MLB notebook: Machado, Padres reportedly agree to deal

The San Diego Padres reached an agreement with free agent infielder Manny Machado on a 10-year, $300 million deal, according to multiple reports Tuesday.

FILE PHOTO – Oct 27, 2018; Los Angeles, CA, USA; Los Angeles Dodgers shortstop Manny Machado (8) celebrates after scoring on a three run home run hit by outfielder Yasiel Puig (66) in the sixth inning against the Boston Red Sox in game four of the 2018 World Series at Dodger Stadium. Mandatory Credit: Richard Mackson-USA TODAY Sports

It would be the most lucrative free agent contract in the history of American sports, according to

Padres executive chairman Ron Fowler cautioned in an interview with The Athletic the deal was not done. “We do not have a deal. We are continuing discussions,” Fowler said.

But The Athletic’s Ken Rosenthal characterized Fowler’s comments as “semantics,” reporting that the financial terms are in place and that the two sides are finalizing the language. Machado also needs to pass a physical.

—St. Louis Cardinals right-hander Carlos Martinez will halt a throwing program and attempt to reboot with strength training due to weakness in his throwing shoulder.

The same issue was a problem throughout the 2018 season, when Martinez eventually shifted to the bullpen.

Cardinals manager Mike Shildt told the St. Louis Post-Dispatch that Martinez would be idle for two weeks to focus on strength and flexibility training, then attempt to rejoin the throwing program.

—Oakland Athletics reliever Joakim Soria is experiencing tendinitis in his right hip and will temporarily stop throwing off the mound.

“It will probably be a couple-day thing,” manager Bob Melvin said at the team’s spring training complex in Mesa, Ariz. “We’ll see how he feels after he plays catch.”

Soria split the 2018 season between the Chicago White Sox and Milwaukee Brewers, posting a 3-4 record with 16 saves and a 3.12 ERA in 66 bullpen appearances.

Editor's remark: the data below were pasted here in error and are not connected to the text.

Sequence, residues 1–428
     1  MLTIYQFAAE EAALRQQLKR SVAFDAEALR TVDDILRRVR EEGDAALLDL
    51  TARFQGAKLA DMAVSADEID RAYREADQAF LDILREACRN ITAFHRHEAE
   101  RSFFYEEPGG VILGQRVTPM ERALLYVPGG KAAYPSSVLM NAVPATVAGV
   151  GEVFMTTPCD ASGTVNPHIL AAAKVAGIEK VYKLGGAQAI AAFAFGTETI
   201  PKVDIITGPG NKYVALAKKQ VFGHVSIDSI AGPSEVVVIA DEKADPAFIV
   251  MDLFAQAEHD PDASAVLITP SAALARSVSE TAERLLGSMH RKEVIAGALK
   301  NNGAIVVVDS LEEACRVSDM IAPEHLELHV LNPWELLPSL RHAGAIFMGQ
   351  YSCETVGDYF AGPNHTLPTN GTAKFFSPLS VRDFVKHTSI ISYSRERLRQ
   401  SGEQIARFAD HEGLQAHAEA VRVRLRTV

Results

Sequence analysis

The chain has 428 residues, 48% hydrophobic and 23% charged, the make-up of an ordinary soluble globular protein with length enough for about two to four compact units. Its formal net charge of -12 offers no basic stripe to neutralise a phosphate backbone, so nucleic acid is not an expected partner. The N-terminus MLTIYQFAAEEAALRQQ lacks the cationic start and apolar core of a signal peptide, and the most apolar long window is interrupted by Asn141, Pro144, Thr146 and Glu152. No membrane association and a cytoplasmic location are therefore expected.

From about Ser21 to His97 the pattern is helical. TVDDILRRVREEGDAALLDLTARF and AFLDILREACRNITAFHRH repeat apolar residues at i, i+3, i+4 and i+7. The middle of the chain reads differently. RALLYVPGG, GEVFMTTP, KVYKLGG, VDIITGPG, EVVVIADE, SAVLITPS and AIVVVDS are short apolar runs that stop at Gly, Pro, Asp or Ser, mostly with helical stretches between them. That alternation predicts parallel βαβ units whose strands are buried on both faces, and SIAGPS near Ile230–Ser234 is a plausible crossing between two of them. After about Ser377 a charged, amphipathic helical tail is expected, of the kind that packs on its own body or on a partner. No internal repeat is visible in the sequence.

—National League MVP and Cy Young Award-winning pitcher Don Newcombe, one of the Dodgers franchise’s final links to Brooklyn, died after a lengthy illness. He was 92.

Calling Newcombe “a role model for major leaguers across the country,” Los Angeles team president Stan Kasten added in a statement: “He was a constant presence at Dodger Stadium and players always gravitated to him for his endless advice and leadership. The Dodgers meant everything to him and we are all fortunate he was a part of our lives.”

Newcombe, a right-hander, pitched for 10 seasons in the majors, earning NL Rookie of the Year honors in 1949 and All-Star selections in 1949, 1950, 1951 and 1955.

—Looking to prevent sign-stealing, Major League Baseball is set to tighten its in-house video rules, Sports Illustrated’s Tom Verducci reported.

According to the report, MLB will ban outfield cameras, aside from the live broadcast feed, from foul pole to foul pole. Clubhouse and bullpen televisions will have access to the game feed only on an eight-second delay.

Teams’ designated replay-watchers, who determine whether the club should ask the umpires for an official review, still will get access to the live video feed. However, a monitor will make sure those employees have no communication with the rest of the team regarding signs.

—A victory celebration proved to be somewhat costly for Minnesota Twins third baseman Miguel Sano heading into spring training.

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After cutting his right foot while reveling in a championship with Estrellas, his Dominican Winter League team, Sano will miss at least a week of full-squad workouts while wearing a walking boot to help protect a laceration above the heel.

According to Twins manager Rocco Baldelli, Sano will wear the boot for seven to 10 days before being re-evaluated.

—Field Level Media


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